What’s the Most Loving Thing You Can Do?

The question I’ve been asking myself lately, before I do anything, is a deceptively simple one: “What’s the most loving thing you can do in this situation?

Now, that might sound corny to some of you, might seem irrelevant to most of you. But give me one minute of your time to explain.

I’ve been experimenting for awhile with letting go. Not running when I have uncertainty, fear, discomfort. Not acting on my fears or frustrations. Not letting these things drive me, but sitting still with them instead, and facing them with courage.

That’s wonderful, but what if you actually need to act? You could sit still all day, but then you’d never help anyone, never create anything, never do anything.

So there’s a need to not act, to sit still … and there’s a need to act. How do we determine which is which?

By asking that question. “What’s the most loving thing you can do in this situation?”

When you’re about to take an action (including running away, going away from uncertainty to comfort, procrastinating, going to distractions or comfort food) … stop and sit still.

Turn inward and see if fear or stress is coming up, see if you’re feeling uncertainty and wanting to cope by getting control. See if you’re trying to comfort yourself, or to lash out, to close down.

In this case, the most loving thing you can do is nothing.

The most loving thing you can do, for yourself and others, is to sit still. Face the fear and uncertainty. Not act out wanting to control these emotions, wanting to comfort yourself.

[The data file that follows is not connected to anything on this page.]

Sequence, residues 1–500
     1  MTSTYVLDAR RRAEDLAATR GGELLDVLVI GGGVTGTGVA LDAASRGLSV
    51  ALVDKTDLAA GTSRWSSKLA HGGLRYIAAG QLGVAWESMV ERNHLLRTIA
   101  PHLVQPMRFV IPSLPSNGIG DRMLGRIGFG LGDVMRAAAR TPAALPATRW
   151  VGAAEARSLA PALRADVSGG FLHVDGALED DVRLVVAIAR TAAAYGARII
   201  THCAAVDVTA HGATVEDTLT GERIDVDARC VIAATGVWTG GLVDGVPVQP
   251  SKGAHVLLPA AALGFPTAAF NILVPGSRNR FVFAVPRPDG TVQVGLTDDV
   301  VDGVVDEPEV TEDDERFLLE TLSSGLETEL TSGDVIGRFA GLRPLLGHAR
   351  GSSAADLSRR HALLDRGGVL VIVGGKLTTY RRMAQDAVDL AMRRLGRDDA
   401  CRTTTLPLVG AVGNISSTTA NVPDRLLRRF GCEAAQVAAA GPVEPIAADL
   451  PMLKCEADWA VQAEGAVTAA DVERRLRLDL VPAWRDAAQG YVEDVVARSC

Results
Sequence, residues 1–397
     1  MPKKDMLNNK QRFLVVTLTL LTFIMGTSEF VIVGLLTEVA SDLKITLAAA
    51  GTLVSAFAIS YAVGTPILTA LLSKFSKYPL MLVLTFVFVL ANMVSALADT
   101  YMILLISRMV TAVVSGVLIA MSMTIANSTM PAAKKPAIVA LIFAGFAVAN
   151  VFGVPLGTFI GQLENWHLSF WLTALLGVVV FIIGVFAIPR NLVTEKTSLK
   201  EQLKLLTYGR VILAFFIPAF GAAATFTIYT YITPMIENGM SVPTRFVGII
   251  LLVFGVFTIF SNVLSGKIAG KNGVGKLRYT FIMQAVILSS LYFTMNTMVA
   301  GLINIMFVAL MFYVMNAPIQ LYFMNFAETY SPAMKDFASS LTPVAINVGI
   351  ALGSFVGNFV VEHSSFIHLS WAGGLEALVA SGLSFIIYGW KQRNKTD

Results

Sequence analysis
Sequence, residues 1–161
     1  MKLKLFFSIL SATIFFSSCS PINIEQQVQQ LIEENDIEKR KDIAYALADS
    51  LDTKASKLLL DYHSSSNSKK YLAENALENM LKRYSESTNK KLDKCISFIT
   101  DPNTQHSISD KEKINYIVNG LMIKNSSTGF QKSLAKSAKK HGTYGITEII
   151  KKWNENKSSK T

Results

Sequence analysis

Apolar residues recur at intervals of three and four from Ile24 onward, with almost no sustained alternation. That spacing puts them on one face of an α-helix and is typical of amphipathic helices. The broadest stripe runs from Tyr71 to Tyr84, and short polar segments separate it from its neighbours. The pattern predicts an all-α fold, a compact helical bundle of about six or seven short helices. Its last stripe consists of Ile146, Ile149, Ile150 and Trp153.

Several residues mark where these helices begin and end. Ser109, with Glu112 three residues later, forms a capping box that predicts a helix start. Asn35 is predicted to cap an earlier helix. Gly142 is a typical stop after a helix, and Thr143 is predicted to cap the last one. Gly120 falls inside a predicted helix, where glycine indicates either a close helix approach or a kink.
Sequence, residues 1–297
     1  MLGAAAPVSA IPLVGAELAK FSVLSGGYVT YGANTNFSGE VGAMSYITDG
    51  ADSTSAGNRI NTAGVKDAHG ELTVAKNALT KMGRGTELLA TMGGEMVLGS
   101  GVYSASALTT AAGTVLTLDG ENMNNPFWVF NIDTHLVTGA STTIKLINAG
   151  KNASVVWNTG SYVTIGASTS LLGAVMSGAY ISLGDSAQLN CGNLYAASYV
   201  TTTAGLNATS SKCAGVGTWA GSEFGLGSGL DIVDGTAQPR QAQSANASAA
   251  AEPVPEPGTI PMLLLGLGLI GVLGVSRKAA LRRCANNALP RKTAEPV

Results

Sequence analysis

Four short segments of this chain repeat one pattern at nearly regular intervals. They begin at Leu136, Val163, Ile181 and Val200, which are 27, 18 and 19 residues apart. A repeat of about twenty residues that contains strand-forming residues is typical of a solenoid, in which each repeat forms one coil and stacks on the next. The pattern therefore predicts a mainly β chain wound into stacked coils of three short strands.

But in other cases, you want to take action. Doing your work, for example, could be something that helps you or your team or the world. Taking care of someone, talking to them, being there for them, serving them … those can be very helpful things to do.

In these cases, acting to help yourself or someone else is the most loving thing you can do.

If I’m going to read with my kid, take a walk with my wife, clean the kitchen for my family, write a book for my readers … these are loving acts.

If I’m running to check email or social media because I want something easy to do instead of writing that book for my readers … the loving act is to sit still and face this discomfort, fear and uncertainty.

When I’m talking to someone out of frustration, the most loving thing I can do is to refrain from trying to criticize or control them or be defensive. Instead, I can face this frustration. When I calm myself down, I can talk to them in a loving way and try to help them, try to empathize with them, try to be there for them.

Each time I’m about to act, the best thing I can do is ask that question: What’s the most loving thing you can do in this situation? I might not always remember, but when I do, it is always a helpful question.

What’s the Most Loving Thing You Can Do? was first published on Zen Habits on 9/23/16.

Removing Ourselves From the Center of Everything

When we go about our day, we tell ourselves a story about what’s happening … and at the center of that narrative is a single person.

Ourselves.

When I talk to myself about how so-and-so is inconsiderate or treated me badly, when I tell myself that it’s OK to procrastinate because I’m tired and not in the mood … I’m at the center of this movie. It’s an ongoing story about my life and everything around me, with me at the center.

I’m sure you can relate — you’re at the center of your movie as well. It’s natural, and there’s nothing wrong with doing this.

But some difficulties can arise from this self-centered view of the world:

  • We interpret other people’s actions as it relates to us, so that they are helping or harming us … giving us what we want or getting in the way of what we want. But their actions aren’t really about us — their actions are about them, because they are at the center of their own stories. When we interpret their self-centered actions through the lens of our self-centered view, the actions often make no sense, and frustrate, hurt or infuriate us.